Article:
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What Bicycle Frame Size Do I Need?

author image Alexandra Becker
Based in the Tampa Bay, Fla., area, Alexandra Becker has been a full-time writer with a focus on sports, travel, science and health-related topics since 1996. Her work has appeared in a variety of national and international magazines, newspapers and online publications. She has won two journalism awards.
What Bicycle Frame Size Do I Need?
A woman walks next to her mountain bike on a paved trail. Photo Credit ChristopherBernard/iStock/Getty Images

Choosing the correct bicycle frame size can make or break your cycling experience. The frame size influences your riding comfort and affects your agility, speed and safety. Determining which frame size fits you best is a matter of variables such as your height, inseam and riding style, but it is also a matter of personal preference, so sizing a bicycle is not an exact science. Still, there are guidelines that can help you "frame" your perfect match.


You probably know your overall height, but you might be unsure what your inseam is. To measure your inseam, take off your shoes and stand flat against a wall with a book or ruler between your legs. Pull the book or ruler up to your crotch to mimic the seat position. Have a partner measure the distance from the floor to the top of the ruler or book to get your inseam. Since frame size is proportional to both leg and torso length, according to bicycle designer Gary Klein, you need to determine your torso height by measuring the distance from your crotch--the top of the book--to your collarbone. This will help you getting an idea of which crossbar length you should consider.

If you are shopping for a hybrid, multiply the inseam by .67 to determine the frame size. For a mountain bike frame, subtract 4 inches from this number. Road bike measurements are in centimeters instead of inches, so you first need to multiply your inseam by 2.54 to convert the inches to centimeters, then multiply the result by .67 to get the approximate frame size.

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Seat Tube vs. Top Tube

Well into the 1980s, bicycle frames usually came with a fixed length for the crossbar, or top tube. Frame sizes varied most in terms of the seat tube length and tube angles. But now most standard bicycle frames are proportional, with longer top tubes in larger frame sizes. While this newer standard is an improvement for riders with an average build, cyclists with long or short torsos might need to try a little harder to find a bike frame that fits their body type well. Focus on finding the ideal top tube length first, according to bicycle mechanic Sheldon Brown, who notes that today's seat posts are sturdy enough to give you flexibility to adjust the saddle height to your leg length once you've found the perfect top tube.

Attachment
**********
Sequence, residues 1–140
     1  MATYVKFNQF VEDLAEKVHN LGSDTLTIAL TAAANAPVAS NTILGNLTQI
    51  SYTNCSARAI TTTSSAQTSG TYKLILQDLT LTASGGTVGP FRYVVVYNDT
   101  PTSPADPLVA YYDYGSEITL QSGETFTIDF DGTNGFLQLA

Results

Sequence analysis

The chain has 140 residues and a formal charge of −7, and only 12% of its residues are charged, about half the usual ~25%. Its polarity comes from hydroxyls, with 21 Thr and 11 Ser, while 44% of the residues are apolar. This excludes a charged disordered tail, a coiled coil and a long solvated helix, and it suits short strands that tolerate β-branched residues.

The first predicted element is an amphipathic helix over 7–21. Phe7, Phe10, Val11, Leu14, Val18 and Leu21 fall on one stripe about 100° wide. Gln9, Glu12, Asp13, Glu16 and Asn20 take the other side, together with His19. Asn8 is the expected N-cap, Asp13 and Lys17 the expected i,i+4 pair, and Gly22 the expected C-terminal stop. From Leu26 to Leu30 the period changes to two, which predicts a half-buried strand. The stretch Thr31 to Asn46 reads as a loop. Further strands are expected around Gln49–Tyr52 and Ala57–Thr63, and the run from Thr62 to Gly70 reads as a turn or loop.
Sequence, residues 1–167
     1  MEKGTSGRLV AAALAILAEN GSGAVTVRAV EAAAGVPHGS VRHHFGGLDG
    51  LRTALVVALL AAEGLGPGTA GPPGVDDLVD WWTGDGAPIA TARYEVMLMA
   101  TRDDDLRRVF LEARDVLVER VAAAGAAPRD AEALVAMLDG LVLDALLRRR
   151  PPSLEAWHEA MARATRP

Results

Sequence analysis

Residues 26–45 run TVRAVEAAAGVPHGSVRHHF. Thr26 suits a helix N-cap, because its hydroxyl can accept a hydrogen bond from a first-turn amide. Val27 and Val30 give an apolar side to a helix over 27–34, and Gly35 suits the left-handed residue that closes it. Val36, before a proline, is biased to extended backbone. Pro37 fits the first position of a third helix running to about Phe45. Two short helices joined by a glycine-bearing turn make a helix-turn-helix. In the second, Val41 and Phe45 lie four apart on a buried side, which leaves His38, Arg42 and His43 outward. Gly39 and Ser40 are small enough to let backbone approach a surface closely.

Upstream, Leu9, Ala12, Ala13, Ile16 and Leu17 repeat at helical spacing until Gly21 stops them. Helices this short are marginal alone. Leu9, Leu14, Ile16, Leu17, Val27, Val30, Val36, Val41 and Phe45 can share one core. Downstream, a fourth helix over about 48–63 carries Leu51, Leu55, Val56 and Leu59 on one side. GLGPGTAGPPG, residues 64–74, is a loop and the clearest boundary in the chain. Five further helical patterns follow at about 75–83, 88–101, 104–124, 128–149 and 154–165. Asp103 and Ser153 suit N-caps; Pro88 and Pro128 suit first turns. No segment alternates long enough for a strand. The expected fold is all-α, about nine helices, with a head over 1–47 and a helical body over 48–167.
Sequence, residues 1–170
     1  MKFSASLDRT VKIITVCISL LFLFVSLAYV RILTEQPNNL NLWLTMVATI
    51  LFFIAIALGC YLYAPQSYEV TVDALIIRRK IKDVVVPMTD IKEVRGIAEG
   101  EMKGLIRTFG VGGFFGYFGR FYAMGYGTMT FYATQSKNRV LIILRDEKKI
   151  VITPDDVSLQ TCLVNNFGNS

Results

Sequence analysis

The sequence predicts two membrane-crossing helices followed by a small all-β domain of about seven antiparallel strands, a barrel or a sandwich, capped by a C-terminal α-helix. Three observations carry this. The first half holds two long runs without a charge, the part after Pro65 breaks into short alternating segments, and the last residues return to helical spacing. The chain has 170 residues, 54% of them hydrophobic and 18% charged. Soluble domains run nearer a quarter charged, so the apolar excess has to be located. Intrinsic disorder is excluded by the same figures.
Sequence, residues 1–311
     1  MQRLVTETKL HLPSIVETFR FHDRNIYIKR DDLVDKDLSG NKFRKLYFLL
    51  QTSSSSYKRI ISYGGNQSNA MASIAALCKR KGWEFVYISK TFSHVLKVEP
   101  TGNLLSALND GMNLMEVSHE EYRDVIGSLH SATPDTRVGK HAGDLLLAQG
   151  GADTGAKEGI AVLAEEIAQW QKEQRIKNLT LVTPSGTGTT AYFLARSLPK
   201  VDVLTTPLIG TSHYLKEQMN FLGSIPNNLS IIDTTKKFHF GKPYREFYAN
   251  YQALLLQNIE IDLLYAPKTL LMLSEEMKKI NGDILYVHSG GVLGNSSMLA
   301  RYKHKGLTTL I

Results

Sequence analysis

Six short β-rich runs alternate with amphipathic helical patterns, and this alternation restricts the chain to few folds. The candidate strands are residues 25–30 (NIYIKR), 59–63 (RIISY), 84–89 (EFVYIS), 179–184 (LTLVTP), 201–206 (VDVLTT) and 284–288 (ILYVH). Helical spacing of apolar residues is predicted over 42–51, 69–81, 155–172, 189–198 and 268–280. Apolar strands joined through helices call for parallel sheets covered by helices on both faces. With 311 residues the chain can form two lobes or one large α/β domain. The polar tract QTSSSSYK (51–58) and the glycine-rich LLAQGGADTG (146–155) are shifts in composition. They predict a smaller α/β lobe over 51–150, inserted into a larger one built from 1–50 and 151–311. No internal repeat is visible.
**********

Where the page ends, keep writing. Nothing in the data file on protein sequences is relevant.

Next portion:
Testing for Frame Size

You need to take a seat to find out if you and the bike are a match. Mount the bicycle, and reach for the handlebar. You should be able to reach the handlebar comfortably and operate the brake levers with your elbows in a slightly bent position. With your butt on the saddle, the balls of your feet should lightly touch the ground. If you put the balls of your feet on the pedals, your legs should be at 80 percent to 90 percent of full extension in the lowest pedal position. Your overall position should feel comfortable. If the position feels crouched or even painful, try another bike. If the position suits you, take the bike for a test ride.

Adjusting Seat and Handlebar

In addition to picking the correct frame size, you probably will need to adjust the handlebar height and saddle height as well as the saddle's front and back positioning. Keep in mind that while your buttocks and feet are made to carry your weight, your hands and wrists are not. To prevent hand discomfort and numbness as well as shoulder, back and neck pain, try tweaking the seat and handlebar position. For example, if your seat is too far forward you put extra pressure on your hands. The ideal seat and handlebar positions also are related to your preferred riding style. If you are a casual rider pedaling with a lower cadence, you probably want your handlebar farther back and in a higher position than an ambitious road racer would choose.


Register your new bicycle with the manufacturer, if possible. This way you will get informed in case of factory recall.

Choose a specialized bicycle retailer for your selection process. You will benefit from the expertise that well-trained sales associates can provide as well as from the larger selection of bicycle frames.

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